Just Mercy succeeds in laying out the unrelenting pursuit for truth and the lengths that a bold, young, and ambitious Stevenson is willing to go to achieve this. The film spares no detail in displaying the gritty hard work that goes behind unraveling such a case, with various scenes of Stevenson moving from place to place in search of crucial information to get the breakthroughs he needs. We get to see the obstacles, victories, and failures of his inquiries, experiencing just how gut-wrenching a defeat can be. For instance, Darnell (Darrell Britt-Gibson), a young friend of Johnny D’s son, is threatened at work after agreeing to testify against the state. In saying this, the running time is stretched out a bit, and, arguably, the film doesn’t hold any footing until any of the legal action actually starts to unfold, but I’d go as far as to say that every piece of prep work is necessary for the lead-up to one helluva emotional climax.

Fighting injustice is costly.

How director Destin Daniel Cretton, Short Term 12 (2013), dramatizes this fight for truth and justice makes for entertainment as palpable as high-octane action flicks. It’s also worth noting that the screenplay by Cretton and Andrew Lanham, The Glass Castle (2017), uses Harper Lee’s 1960 book To Kill a Mockingbird rather shrewdly, a novel that’s set in the same town as the film, Monroeville (although it’s been renamed Maycomb in Lee’s book), and basically parallels the story being told here. The ironic connection is that Stevenson notices how much the town capitalizes on its association with Harper Lee but fails to assimilate the novel’s messages of racial prejudice and presumptions of guilt, these people using the American classic as a smokescreen to mask their cruelty and intolerance.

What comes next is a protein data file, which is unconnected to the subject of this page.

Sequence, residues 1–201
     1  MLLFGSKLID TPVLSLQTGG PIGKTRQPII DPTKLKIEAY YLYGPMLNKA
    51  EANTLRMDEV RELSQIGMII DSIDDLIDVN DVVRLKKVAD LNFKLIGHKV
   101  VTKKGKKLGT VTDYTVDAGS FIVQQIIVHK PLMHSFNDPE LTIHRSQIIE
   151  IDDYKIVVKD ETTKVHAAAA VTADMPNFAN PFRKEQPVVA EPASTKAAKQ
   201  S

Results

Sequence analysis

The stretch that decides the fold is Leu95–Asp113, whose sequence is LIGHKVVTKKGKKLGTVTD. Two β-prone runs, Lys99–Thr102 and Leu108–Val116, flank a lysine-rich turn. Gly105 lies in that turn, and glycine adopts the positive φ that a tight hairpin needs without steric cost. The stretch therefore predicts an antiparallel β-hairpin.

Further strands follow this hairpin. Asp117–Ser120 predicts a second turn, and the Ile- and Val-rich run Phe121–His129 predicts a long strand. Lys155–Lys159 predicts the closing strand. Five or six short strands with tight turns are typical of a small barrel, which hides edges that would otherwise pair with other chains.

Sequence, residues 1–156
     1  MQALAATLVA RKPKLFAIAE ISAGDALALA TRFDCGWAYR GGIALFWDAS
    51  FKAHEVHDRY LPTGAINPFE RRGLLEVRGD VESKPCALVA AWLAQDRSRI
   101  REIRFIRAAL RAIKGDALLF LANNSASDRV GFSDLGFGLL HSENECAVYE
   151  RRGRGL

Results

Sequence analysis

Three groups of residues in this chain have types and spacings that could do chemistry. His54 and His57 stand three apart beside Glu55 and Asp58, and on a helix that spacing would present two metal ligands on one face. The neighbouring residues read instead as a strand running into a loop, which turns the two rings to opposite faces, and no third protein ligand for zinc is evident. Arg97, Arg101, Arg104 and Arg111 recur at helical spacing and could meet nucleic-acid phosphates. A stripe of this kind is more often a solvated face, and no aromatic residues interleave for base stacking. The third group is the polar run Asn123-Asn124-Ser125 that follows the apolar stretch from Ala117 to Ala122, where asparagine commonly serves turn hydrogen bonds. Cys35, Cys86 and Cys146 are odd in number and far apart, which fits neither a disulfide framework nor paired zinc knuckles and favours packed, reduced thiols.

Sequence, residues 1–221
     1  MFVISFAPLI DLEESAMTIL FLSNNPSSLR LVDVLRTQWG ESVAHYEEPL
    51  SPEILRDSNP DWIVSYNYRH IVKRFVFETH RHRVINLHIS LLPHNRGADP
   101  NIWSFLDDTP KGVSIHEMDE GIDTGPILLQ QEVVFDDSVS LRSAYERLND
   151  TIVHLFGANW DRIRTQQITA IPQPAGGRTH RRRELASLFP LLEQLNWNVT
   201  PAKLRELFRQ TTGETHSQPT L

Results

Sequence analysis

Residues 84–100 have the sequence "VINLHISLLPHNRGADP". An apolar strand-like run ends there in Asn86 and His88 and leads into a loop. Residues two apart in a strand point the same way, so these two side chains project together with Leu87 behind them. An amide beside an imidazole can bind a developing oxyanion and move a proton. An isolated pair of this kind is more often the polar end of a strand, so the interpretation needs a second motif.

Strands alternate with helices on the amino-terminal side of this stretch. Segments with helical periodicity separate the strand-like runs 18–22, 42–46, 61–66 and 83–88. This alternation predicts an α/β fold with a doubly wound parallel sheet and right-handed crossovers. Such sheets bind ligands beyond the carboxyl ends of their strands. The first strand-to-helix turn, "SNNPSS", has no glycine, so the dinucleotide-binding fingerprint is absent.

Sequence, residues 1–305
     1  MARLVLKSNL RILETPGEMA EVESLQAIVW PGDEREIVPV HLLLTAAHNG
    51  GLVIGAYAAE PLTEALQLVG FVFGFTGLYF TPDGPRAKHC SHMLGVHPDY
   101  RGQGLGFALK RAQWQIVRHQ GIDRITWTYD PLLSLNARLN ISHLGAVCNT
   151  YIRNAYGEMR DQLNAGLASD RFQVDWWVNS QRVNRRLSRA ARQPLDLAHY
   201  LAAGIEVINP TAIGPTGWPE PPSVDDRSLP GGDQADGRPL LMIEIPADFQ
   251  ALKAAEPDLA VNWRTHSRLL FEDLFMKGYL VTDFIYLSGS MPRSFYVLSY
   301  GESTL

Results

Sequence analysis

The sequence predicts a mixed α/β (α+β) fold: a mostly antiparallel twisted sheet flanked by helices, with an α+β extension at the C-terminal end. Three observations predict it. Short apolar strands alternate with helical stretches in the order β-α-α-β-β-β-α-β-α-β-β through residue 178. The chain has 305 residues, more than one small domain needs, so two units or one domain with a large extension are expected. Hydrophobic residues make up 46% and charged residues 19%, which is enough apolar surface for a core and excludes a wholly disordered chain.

Cretton’s work behind on chair is well-aided by a layered turn from lead Michael B. Jordan, Black Panther (2018), who exhibits a wide range of emotions here, with a strip-search scene at the cop shop being a performance highlight; Jordan shows some real blood boiling in his veins as he tastes some of the partiality from the state’s law enforcement. Jamie Foxx’s, Django Unchained (2012), performance as McMillian is more subdued than some of his usual boisterous work but continues to demonstrate that he’s got the gravitas to carry a profoundly emotive role. On the other hand, Brie Larson, Captain Marvel (2019), is a little underutilized as Ansley — while she does have a decent amount of screen time, there’s not enough substantial backing behind her presence.

‘I have the duty to no longer remain silent.’

Tim Blake Nelson, The Ballad of Buster Scruggs (2018), delivers an excellent rendering of Ralph Myers, the heavily scarred inmate who wrongfully accuses McMillian of murder under pressure from the authorities. Rafe Spall’s, The Big Short (2015), portrayal of DA Tommy Chapman, however, is somewhat muddled; his stance on the trial supposedly has him in two minds after copping flak from his wife and hatred from the wider press because of a 60 Minutes expose, but Spall doesn’t give off this impression until late in the last act.

Aside from solid performances, Just Mercy’s greatest strength lies in how it extracts the rawest emotions of the situations that arise; from the rejection, bullying, and bigotry faced by Stevenson, McMillian and Co., to the rejoicing that comes when justice finally prevails. No matter what genre of film you’re drawn to, Just Mercy is guaranteed to tug at your heartstrings in the best possible way, providing the sort of inspirational entertainment to get people to stand up for what’s right and fight for a good cause!

4.5 / 5 – Highly Recommended

Reviewed by Cocoa Falcon

Just Mercy is released through Roadshow Entertainment Australia